Weigh out 250 grams of chilled squash purée. Put the flour and the baking powder into a bowl and whisk to combine. Add the squash purée and use your fingertips to incorporate it into the flour, beginning from the center of the bowl and moving outwards until it forms a soft dough. Knead the dough until it is smooth and elastic. Put the dough in a vacuum bag and seal. Put the dough in the refrigerator to chill for thirty minutes. Alternatively you can wrap the dough in plastic wrap and let it rest for two hours in the refrigerator.

Remove the dough from the refrigerator and unseal or unwrap it. Roll the dough out with a light dusting of flour until it is 1-cm thick. Cut the dough into 1-cm squares. Roll each square diagonally along a ridged gnocchi board so that it folds over itself and forms the traditional cavatelli shape. Continue until all the pasta is made. Refrigerate the cavatelli if you are cooking it the same day, otherwise lay flat on sheet pans and freeze. When the cavatelli is completely frozen, transfer them to a zip-top bag and store in the freezer for up to a week. The frozen pasta can be dropped directly into boiling water to cook.

For the butternut squash seed butter:*

Preheat the oven to 350 to 325 degrees with convection, if available. Put the butter and reserved seeds into a medium-sized heatproof pan and put it into the oven. Roast the butter and seed mixture for one hour. Remove from the heat and add the star anise and nutmeg. Let the spices infuse for 20 minutes, then strain the mixture, discarding the seeds and the pulp and reserving the aromatic butter. Cool in a heatproof container and refrigerate for up to a week.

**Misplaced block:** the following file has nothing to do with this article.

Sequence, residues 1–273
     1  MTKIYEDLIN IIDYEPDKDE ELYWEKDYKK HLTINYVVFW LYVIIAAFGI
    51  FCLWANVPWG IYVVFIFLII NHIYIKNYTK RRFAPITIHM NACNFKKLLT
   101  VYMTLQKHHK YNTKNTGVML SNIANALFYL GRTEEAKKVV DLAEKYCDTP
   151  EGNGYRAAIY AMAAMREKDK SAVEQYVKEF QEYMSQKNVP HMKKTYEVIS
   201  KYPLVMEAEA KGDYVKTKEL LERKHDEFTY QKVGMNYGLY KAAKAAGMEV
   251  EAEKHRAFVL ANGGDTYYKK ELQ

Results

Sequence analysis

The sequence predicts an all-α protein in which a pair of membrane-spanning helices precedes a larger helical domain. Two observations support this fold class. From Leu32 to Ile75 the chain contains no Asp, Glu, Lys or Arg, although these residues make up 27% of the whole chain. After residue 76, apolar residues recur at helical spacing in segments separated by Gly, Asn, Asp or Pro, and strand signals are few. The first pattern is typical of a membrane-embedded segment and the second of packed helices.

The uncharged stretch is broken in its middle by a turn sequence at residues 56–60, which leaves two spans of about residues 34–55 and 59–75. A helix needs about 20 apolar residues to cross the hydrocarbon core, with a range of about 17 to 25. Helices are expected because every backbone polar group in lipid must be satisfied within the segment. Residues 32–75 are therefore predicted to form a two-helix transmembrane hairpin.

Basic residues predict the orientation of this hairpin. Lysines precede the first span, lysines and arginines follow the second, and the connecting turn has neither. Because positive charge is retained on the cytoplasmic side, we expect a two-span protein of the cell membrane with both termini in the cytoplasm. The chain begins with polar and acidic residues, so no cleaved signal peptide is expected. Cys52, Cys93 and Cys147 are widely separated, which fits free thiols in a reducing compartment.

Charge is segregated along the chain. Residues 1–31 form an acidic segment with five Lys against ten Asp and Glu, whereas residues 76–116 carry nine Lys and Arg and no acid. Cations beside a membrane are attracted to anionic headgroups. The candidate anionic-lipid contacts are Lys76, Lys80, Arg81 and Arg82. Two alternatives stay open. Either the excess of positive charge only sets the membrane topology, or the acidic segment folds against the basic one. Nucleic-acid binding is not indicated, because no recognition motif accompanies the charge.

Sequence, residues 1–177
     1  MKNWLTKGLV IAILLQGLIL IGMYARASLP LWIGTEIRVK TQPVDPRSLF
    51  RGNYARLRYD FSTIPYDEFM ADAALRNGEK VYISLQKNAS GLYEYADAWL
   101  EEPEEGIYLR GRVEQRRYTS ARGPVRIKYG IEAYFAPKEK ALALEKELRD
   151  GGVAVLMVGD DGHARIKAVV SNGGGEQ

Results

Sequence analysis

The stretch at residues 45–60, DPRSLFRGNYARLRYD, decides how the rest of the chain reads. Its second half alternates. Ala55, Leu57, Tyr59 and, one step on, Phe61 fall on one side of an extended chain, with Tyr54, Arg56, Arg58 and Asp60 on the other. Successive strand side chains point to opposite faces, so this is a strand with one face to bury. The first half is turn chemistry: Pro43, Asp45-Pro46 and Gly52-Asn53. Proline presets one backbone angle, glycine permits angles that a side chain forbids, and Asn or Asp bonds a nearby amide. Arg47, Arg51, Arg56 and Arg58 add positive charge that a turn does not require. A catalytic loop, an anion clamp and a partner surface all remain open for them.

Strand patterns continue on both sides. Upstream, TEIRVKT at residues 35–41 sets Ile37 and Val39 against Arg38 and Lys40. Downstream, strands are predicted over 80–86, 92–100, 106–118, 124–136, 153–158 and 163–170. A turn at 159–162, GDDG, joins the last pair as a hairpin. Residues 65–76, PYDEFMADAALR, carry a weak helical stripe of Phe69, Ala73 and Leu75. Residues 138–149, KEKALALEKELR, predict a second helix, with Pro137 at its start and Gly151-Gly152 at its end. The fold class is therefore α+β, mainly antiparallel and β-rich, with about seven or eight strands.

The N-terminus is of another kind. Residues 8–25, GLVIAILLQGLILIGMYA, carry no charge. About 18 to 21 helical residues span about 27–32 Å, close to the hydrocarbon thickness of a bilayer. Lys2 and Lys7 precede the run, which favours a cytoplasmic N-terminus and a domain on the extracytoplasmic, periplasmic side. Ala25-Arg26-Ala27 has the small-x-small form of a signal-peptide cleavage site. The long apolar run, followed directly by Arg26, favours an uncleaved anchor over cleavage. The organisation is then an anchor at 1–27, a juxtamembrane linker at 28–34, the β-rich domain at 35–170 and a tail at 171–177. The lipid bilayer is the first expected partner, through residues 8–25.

*Note: You can make the butter while the pasta is chilling.

For the mushrooms:

Pre-heat a grill to high, or preheat an oven to 450 degrees. Trim the shiitake, cremini and button mushrooms and cut them into quarters. Trim the stems of the oyster mushrooms and gently break them into bite sized pieces. Cut the squash butter into slices. Put the mushrooms, butter, salt and vinegar into a bowl and toss to season and mix evenly. Lay an 18-inch sheet of aluminum foil on a work surface. Mound the mushroom mixture in the center of the foil. Dot the top with squash butter. Top with another sheet of foil and crimp the edges together to enclose the mushrooms in a sealed package.

Put the foil package on the grill and cook for 15 minutes, or bake in the oven for 20 minutes. Remove the foil packet from the heat and let it rest in a warm spot for five minutes. Cut the foil package open. Be careful because hot steam will stream out. Add the chopped herbs to the mushrooms and mix to combine.

To finish:

Cook the butternut squash cavatelli in boiling, salted water for five minutes for fresh, or eight minutes if frozen. Put the cooked mushrooms into a large pan set on medium heat. Add the cooked cavatelli to the mushrooms and cook together for three minutes, stirring occasionally. Add grated gouda cheese to taste and divide onto four warm plates or shallow bowls. Top with a fresh grating of additional cheese and serve immediately.

Butternut Squash Shopping Tip

Look for vegetables that are firm and bright in color – avoid those that are wilted or have wrinkled skins, which are signs of age.

Butternut Squash Cooking Tip

Different vegetables have different cooking times – cook each type separately and then combine.